• biodegradable co-polymers;
  • nanoparticles;
  • controlled drug release;
  • nucleus-targeted drug delivery;
  • tumor inhibition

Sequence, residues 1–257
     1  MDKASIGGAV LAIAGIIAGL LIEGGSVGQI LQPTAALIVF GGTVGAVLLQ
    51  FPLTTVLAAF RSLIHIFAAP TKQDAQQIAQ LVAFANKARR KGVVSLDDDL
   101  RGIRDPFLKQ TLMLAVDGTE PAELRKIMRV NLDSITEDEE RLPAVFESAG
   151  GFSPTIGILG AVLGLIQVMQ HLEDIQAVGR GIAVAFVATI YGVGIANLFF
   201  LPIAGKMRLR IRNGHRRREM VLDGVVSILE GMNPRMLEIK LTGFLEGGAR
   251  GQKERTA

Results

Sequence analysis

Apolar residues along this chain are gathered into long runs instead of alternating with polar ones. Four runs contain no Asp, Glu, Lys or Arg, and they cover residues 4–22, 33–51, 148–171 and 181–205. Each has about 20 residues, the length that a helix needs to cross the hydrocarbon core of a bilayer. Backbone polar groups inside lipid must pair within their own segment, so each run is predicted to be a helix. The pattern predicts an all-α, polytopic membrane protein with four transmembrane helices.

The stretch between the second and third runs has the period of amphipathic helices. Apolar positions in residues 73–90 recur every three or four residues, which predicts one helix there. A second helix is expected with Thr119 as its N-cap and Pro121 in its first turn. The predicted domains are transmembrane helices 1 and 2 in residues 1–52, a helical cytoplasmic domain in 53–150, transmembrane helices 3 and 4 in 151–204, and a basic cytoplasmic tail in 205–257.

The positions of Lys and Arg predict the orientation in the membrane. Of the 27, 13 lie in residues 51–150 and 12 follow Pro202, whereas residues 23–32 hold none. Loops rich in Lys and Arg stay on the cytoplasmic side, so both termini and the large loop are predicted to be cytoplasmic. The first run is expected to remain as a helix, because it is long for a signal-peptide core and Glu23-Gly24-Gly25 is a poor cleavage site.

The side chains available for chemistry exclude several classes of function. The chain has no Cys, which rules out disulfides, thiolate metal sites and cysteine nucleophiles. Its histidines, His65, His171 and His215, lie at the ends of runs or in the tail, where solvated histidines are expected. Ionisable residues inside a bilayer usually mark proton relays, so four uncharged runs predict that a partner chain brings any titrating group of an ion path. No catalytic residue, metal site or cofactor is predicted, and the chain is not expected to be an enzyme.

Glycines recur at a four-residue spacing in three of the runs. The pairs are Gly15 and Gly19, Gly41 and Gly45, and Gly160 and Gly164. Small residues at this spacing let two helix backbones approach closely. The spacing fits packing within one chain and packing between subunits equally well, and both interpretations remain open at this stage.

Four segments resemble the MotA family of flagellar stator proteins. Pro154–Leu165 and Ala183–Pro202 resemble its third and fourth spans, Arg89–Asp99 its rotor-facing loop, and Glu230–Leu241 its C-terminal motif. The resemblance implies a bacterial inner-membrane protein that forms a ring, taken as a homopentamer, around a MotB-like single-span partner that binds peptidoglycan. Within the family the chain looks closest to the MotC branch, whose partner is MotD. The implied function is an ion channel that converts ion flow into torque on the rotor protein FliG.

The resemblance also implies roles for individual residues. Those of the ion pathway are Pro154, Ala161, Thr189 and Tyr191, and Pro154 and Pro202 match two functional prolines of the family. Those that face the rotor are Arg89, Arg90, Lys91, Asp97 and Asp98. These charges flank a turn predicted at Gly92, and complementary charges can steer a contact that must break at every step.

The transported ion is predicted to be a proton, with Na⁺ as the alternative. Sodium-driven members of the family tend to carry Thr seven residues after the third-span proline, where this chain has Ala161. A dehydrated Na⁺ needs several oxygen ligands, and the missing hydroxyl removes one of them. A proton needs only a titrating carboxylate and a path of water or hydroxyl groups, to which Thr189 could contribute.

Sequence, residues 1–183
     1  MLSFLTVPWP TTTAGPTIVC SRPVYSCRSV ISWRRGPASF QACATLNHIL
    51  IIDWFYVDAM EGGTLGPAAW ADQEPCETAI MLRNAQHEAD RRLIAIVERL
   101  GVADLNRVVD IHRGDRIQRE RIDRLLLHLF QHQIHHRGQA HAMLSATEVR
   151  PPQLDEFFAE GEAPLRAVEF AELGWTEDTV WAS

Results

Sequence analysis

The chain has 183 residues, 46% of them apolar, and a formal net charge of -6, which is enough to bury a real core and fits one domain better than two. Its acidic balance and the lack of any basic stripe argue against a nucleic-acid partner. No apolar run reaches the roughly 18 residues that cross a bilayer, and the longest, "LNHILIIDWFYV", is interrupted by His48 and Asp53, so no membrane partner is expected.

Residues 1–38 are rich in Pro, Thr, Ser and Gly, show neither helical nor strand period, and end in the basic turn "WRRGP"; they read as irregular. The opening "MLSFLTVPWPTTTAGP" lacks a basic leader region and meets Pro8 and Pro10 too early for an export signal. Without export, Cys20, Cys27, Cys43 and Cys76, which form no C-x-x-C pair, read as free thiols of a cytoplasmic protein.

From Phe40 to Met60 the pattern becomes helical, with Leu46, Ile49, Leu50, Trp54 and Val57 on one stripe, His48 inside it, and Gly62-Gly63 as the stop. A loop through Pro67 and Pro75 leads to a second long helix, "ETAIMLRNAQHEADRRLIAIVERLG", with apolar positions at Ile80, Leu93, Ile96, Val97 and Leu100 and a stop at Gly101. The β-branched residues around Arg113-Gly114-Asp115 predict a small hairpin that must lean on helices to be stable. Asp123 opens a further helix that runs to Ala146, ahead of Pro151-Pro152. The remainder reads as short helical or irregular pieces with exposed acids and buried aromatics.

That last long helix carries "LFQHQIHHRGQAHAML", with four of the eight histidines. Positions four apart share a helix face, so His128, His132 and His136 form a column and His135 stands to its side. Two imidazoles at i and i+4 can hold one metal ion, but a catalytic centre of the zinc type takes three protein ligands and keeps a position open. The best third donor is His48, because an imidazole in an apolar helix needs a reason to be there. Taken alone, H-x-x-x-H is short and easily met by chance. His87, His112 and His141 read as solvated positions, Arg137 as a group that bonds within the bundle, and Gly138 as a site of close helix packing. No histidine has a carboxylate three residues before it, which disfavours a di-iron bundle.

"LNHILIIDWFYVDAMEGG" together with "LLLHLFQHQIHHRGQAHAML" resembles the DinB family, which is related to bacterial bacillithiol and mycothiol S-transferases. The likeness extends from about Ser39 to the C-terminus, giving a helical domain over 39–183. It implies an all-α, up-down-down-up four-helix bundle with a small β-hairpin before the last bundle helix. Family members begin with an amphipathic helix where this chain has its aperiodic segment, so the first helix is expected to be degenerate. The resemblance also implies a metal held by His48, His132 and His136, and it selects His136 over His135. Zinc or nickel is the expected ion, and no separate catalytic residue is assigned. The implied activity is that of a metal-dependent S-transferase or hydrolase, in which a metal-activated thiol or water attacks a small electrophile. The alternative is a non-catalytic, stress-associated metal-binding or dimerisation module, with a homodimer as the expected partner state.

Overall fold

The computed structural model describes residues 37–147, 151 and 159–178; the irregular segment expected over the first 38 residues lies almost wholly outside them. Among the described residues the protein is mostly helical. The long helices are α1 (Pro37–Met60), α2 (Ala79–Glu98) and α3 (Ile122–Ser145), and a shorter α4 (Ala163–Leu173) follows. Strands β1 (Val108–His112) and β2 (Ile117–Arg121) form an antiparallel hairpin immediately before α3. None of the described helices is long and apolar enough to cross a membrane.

The use of biodegradable polymeric nanoparticles (NPs) for controlled drug delivery has shown significant therapeutic potential. Polyaspartic acid and polylactic acid are the most intensively studied biodegradable polymers. In the present study, novel amphiphilic biodegradable co-polymer NPs, poly(L-aspartic acid-co-lactic acid) with 1,2-dipalmitoyl-sn-glycero-3-phosphoethanolamine (DPPE) (poly(AA-co-LA)/DPPE) is synthesized and subsequently used to encapsulate an antitumor drug doxorubicin (DOX). The formulation parameters of the NPs are optimized to improve encapsulation efficiency. The resulting drug-loaded NPs possess better size homogeneity (polydispersity) and exhibit pH-responsive drug release profiles. Cellular viability assays indicate that the poly(AA-co-LA)/DPPE NPs did not induce cell death, whereas doxorubicin encapsulated NPs were cytotoxic to various types of tumor cells. In addition, the free NPs could not enter the cell nuclei after internalized in tumor cells. The DOX-loaded NPs exhibit efficient intracellular delivery in tumor cells with co-localization in lysosome and delay entering into the nucleus, which suggests a time- and pH-dependent drug release profile within cells. When applied to deliver chemotherapeutics to a mouse xenograft model of human lung adenocarcinoma, DOX-loaded NPs have a comparable antitumor activity with free DOX, and greatly reduce systemic toxicity and mortality. The delivery of cytotoxic drugs directly to the nucleus specifically within tumor cells is of great interest. These results demonstrate the feasibility of the application of the amphiphilic polyaspartic acid derivative, poly(AA-co-LA)/DPPE, as a nanocarrier for cell nuclear delivery of potent antitumor drugs.